May 30, 2012
Folk legend Arthel “Doc” Watson died last night in Winston-Salem, North Carolina. He was 89 and had been ill since undergoing abdominal surgery last week. Though Watson referred to his own music as simple “country pickin’,” his transformative influence is sure to continue shaping folk music as we know it.
Watson infused the folk music revival of the 1960s with his own distinctive take on the country ballads of his native North Carolina. Blind since infancy, he started his musical training as a young child in the northwestern region of the state. According to his New York Times obituary, Watson’s father made him a banjo and promised to buy him his own guitar if the boy could teach himself a song on the banjo by the end of the day. After learning the Carter Family’s “When the Roses Bloom in Dixieland,” he received his first guitar, a $12 Stella. He had dropped out of the Raleigh School for the Blind to work for his father, but soon became a local sensation at various amateur contests.
Watson’s signature was his deft, rapid-fire guitar-picking, a style that soon spread across a new generation of folk musicians. Before Watson’s influence, the guitar was mostly a back-up instrument in folk music. His virtuosity and speed on the guitar showcased the instrument’s potential and triggered a wave of guitarists attempting to match him.
“He is single-handedly responsible for the extraordinary increase in acoustic flat-picking and finger-picking guitar performance,” said the late Smithsonian Folklife director Ralph Rinzler in the liner notes of Watson’s 1993 Smithsonian Folkways album Live Recordings 1963-1980: Off the Record Volume 2. Rinzler was the first to record Watson in the 1960s and struck up a friendship with the musician as he began to make a name for himself.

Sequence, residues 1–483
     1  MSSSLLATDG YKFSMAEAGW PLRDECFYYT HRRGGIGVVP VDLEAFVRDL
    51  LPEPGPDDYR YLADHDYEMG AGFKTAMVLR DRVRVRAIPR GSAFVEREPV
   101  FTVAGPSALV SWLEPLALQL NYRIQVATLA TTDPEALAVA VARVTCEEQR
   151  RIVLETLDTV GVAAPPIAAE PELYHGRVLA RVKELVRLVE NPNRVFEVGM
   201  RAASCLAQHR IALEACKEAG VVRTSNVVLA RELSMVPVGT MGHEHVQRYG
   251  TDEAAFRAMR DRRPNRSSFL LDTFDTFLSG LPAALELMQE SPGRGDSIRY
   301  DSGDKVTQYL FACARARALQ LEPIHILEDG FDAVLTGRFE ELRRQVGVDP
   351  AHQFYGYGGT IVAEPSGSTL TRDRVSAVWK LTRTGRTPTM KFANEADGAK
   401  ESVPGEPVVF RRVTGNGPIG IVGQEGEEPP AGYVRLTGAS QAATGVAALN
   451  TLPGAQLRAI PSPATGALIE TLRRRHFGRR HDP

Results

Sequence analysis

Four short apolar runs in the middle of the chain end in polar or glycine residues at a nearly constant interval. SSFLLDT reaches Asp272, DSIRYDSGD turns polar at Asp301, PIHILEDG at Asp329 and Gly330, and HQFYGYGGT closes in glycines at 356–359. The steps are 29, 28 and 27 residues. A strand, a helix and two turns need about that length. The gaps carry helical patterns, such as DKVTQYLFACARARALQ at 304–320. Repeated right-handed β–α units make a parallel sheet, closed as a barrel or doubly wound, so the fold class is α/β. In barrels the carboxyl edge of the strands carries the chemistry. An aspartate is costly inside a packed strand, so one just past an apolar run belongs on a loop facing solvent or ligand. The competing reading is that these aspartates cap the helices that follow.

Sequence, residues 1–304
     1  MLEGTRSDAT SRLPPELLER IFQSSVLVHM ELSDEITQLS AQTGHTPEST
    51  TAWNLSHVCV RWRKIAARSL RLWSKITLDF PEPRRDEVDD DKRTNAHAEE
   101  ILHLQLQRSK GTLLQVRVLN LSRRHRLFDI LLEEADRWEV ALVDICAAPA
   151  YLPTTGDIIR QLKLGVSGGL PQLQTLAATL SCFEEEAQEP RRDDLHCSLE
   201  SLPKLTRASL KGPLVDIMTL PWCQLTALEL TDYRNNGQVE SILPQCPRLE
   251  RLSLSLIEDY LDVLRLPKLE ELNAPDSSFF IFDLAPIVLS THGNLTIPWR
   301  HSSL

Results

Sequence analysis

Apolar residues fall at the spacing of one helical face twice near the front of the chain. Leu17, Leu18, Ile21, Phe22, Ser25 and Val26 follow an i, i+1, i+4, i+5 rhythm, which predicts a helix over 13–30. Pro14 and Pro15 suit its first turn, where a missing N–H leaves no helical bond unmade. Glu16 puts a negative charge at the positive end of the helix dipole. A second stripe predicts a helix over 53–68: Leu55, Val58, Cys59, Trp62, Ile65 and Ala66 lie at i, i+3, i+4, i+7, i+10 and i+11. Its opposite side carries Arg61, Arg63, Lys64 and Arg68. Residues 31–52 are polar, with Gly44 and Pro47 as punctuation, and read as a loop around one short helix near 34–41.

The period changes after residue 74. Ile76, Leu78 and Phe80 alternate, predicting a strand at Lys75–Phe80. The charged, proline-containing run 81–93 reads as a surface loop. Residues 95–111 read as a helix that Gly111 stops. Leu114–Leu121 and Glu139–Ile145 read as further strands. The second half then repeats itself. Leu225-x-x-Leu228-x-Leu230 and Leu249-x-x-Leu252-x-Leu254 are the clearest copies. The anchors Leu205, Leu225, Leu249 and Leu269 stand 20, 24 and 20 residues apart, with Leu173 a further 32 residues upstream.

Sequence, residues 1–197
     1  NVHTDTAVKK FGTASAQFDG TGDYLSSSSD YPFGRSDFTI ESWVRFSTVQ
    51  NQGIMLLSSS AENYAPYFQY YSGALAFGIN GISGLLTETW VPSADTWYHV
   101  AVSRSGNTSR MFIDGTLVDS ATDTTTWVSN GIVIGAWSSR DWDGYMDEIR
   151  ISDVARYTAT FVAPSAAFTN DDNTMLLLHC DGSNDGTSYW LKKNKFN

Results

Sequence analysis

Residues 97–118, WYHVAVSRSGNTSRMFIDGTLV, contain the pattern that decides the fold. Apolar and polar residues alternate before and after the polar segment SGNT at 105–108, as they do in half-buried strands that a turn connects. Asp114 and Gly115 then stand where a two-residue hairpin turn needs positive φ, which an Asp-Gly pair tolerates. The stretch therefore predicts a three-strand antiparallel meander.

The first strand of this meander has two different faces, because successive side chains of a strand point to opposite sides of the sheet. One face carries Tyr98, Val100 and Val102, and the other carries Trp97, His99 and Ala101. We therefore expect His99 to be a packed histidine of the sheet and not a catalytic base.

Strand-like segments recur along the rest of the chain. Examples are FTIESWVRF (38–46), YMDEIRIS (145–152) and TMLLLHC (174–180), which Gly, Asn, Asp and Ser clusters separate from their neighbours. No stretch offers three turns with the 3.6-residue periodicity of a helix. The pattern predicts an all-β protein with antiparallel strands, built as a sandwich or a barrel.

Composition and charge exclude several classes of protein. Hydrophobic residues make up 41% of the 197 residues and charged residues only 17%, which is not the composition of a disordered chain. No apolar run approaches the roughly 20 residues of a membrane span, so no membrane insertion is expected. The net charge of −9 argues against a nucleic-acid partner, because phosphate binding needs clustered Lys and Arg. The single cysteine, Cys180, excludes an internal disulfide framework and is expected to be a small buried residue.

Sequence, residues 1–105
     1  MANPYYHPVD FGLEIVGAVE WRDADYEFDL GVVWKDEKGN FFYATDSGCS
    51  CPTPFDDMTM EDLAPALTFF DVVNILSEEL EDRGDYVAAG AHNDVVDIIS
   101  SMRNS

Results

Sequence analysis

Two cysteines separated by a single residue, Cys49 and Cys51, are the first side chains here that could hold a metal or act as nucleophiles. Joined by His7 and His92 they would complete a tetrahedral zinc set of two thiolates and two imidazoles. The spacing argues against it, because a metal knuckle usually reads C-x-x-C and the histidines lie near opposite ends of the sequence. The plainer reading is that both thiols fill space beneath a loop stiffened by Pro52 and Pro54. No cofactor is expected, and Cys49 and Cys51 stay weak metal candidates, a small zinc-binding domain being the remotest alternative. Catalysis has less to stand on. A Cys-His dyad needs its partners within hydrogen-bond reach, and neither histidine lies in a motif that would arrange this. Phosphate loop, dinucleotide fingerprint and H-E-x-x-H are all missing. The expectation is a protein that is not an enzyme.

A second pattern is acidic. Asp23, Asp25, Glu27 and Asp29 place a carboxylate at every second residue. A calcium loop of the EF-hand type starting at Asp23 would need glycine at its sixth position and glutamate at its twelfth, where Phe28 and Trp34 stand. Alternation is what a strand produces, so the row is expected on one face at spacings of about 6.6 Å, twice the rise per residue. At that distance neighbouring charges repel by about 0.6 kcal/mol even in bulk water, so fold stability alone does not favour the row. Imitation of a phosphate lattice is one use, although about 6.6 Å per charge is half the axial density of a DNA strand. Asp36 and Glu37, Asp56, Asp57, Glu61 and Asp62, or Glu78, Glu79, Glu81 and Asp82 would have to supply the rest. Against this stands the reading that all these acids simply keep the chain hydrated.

“On the road to Los Angeles, Doc made a significant commitment to share the automobile driver’s responsibility,” Rinzler recalled in the Folkways album Original Folkways Recordings of Doc Watson and Clarence Ashley, 1960-1962. “He kept me awake and attentive for 48 hours at the wheel by singing unaccompanied songs and regaling me with stories of his family and music…After that, I felt as though Doc and I had grown up together from early childhood, and the group’s repertoire substantially benefited from Doc’s remarkable memory.”
Above all, Watson is remembered for his no-frills, straightforward style that allowed the music to speak for itself. “In addition to being a warm and highly skilled stage performer, Doc Watson off-stage is truly Doc Watson on-stage,” Rinzler said in Live Recordings 1963-1980. There is no entertainment industry gloss added for the benefit of the audience. He’s simply the great human being and musician that we have all come to respect.”
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